Spencer’s Benefits NetNews – March 8, 2019

 

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Mental health, substance abuse disorder parity laws pushing service use higher

Mental health and substance abuse parity requirements did not substantially increase the out-of-pocket amounts paid by enrollees per outpatient visit, according to the HHS Assistant Secretary of Planning and Evaluation (ASPE). ASPE issued its final report of a ten-year empirical study on the effects of the Mental Health Parity and Addiction Equity Act of 2008 (MHPAEA) (P.L. 110-343), which requires large group employer-sponsored insurers to offer mental health and substance use disorder coverage comparable to medical/surgical services. The study ultimately found that the MHPAEA has had a significant and still growing impact on the utilization of mental health and substances use disorder services without associated increases in reimbursement rates to the providers or increased out-of-pocket costs per service to the enrollees. The impact was strongest in the use of out-of-network substance use disorder services.

        (Read Cheetah) »

IRS updates FAQs on ACA information reporting by employers

The IRS has updated its Questions and Answers on Reporting of Offers of Health Insurance Coverage by Employers (Section 6056) website. The revised FAQs tweak the guidance regarding how applicable large employer (ALE) members comply with the reporting requirements and also address transition relief for calendar years 2015, 2016 and 2017.

        (Read Cheetah) »

State tax pension exemption unlawfully discriminated against similarly situated federal retiree

West Virginia unlawfully discriminated against a retired federal employee by subjecting his pension benefits to state income tax, while exempting the benefits of state retirees, according to the United States Supreme Court. In an opinion that was consistent with established precedent, a unanimous Court stressed that there were no significant differences between the law enforcement responsibilities of the federal employee and the responsibilities of the state law enforcement employees that were sufficient to warrant the discriminatory treatment, no matter the limited scope of the tax preference.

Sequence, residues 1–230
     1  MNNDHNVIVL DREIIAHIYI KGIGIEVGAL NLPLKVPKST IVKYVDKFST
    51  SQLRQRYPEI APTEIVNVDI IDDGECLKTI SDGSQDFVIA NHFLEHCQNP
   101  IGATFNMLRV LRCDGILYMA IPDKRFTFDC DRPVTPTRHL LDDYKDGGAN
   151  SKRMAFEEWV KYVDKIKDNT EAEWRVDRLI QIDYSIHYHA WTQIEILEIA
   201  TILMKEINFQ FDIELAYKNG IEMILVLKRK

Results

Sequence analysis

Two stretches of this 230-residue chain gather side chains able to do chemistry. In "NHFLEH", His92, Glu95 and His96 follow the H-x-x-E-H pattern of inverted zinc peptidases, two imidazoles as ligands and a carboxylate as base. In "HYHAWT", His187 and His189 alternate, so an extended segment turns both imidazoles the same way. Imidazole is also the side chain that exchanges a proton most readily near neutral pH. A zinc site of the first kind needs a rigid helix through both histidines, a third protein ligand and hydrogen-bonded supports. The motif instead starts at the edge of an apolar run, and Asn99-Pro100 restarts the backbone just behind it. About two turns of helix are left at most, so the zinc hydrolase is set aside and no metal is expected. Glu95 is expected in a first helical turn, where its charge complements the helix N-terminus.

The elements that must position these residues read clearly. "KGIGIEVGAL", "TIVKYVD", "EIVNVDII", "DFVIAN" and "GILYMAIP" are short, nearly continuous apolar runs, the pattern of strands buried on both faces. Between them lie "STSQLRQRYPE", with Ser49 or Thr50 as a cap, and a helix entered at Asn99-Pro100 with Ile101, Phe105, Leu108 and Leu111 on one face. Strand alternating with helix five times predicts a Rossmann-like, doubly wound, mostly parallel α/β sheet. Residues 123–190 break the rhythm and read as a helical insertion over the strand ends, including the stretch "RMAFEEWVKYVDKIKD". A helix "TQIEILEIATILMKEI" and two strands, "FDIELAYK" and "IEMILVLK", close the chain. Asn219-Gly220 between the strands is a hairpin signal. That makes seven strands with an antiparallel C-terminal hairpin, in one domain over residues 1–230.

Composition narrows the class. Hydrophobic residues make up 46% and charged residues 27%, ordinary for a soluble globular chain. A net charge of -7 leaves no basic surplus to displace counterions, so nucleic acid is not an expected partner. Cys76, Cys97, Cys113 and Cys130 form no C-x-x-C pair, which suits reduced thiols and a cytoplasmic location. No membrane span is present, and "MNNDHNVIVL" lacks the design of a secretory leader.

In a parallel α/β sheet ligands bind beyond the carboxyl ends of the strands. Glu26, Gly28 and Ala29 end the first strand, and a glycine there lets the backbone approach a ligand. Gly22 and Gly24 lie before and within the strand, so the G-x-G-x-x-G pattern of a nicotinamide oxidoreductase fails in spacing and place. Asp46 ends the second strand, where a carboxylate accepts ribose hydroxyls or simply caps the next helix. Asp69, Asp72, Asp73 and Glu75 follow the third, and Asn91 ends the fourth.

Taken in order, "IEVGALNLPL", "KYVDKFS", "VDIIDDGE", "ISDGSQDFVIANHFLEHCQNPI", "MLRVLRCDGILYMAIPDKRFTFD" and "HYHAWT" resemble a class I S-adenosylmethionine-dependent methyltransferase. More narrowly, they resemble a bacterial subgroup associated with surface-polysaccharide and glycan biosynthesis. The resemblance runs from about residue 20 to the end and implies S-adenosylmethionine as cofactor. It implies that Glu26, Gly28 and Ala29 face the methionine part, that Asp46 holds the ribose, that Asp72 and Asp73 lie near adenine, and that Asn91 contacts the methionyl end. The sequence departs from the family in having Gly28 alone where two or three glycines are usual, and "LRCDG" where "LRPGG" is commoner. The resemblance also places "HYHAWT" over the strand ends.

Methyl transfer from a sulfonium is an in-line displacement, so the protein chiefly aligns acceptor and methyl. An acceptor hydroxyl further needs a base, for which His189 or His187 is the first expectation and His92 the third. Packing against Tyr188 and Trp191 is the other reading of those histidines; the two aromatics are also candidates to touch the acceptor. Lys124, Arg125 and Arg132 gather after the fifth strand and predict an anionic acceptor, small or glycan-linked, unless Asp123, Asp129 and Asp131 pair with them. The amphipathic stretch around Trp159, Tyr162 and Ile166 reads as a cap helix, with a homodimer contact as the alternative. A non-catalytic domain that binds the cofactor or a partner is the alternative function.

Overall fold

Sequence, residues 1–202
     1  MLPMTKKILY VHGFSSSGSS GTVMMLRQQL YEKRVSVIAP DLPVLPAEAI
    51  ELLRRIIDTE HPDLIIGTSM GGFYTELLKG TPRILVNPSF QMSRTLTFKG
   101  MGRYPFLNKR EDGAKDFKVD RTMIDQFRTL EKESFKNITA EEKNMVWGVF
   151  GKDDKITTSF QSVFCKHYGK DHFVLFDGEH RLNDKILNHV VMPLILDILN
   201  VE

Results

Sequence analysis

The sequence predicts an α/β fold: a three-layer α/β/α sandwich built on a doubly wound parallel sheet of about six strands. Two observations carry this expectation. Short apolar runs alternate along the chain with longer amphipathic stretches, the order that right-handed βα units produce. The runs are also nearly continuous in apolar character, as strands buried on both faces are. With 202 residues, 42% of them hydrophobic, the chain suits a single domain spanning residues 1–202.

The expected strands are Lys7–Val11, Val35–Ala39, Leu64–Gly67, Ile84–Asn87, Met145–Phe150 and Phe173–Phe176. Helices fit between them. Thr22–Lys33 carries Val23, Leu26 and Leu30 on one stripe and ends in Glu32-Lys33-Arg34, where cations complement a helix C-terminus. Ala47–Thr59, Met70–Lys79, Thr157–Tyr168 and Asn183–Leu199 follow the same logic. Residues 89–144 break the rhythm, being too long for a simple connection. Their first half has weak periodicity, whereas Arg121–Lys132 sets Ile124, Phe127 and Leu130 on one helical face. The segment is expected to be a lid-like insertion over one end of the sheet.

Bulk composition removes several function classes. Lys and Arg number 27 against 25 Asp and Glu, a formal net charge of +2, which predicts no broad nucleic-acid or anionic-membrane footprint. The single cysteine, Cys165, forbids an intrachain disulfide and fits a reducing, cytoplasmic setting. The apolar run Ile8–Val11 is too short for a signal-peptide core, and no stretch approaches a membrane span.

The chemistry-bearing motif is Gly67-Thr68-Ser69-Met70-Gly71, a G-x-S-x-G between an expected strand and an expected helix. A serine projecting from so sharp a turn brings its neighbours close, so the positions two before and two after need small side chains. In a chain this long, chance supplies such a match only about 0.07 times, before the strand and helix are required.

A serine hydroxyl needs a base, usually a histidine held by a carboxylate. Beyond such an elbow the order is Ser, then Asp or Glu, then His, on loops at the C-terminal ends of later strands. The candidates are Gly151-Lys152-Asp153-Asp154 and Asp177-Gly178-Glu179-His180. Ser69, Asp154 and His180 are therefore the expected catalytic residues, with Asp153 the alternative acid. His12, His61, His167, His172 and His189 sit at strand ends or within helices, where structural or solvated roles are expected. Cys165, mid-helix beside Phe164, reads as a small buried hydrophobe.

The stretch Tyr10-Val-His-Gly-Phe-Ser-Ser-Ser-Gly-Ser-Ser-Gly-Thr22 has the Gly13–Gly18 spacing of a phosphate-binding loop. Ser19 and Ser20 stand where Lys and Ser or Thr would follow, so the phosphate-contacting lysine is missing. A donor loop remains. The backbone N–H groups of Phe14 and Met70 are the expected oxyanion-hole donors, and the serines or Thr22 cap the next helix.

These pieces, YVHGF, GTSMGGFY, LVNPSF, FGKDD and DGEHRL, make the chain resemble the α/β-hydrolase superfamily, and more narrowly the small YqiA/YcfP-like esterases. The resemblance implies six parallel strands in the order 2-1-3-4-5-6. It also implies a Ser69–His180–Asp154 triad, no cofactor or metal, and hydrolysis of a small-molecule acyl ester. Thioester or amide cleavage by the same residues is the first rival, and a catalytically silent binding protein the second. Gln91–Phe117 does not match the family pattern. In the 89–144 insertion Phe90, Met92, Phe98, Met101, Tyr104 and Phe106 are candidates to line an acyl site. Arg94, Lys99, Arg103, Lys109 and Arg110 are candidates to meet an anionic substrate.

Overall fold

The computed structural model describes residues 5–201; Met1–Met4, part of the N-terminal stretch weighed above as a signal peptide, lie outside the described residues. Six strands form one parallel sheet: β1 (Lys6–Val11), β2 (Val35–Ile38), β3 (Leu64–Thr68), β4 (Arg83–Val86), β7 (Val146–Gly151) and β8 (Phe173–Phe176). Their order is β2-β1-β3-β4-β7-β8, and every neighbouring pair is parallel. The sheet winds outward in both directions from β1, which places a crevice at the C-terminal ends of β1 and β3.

(Read Cheetah) »

Looming ‘Cadillac’ tax is creating uncertainty for employer plans

In a letter to Reps. Joe Courtney (D-Conn) and Mike Kelly (R-Pa), the Partnership for Employer-Sponsored Coverage, an advocacy alliance group, expressed strong support for the Middle Class Health Benefits Tax Repeal Act (H.R. 748). Introduced in January 2019, H.R. 748 is a bipartisan bill that would repeal the excise tax on high-cost health plans, otherwise known as the “Cadillac tax.”

        (Read Cheetah) »

Justices will not take up University of Southern California’s ERISA arbitration question

On February 19, 2019, the Supreme Court declined to take up the question whether an agreement to arbitrate “all claims” that an ERISA plan participant “may have” against a plan fiduciary includes a claim for breach of fiduciary duty under Section 502(a)(2) of ERISA. That means the Ninth Circuit Court of Appeals’ conclusion in Munro v. University of Southern California that it does not will stand.

        (Read Cheetah) »

Comments requested on grandfathered group health plans and insurance coverage

The Departments of the Treasury, Labor, and Health and Human Services (Departments), have requested comments on grandfathered group health plans and grandfathered group health insurance coverage.

        (Read Cheetah) »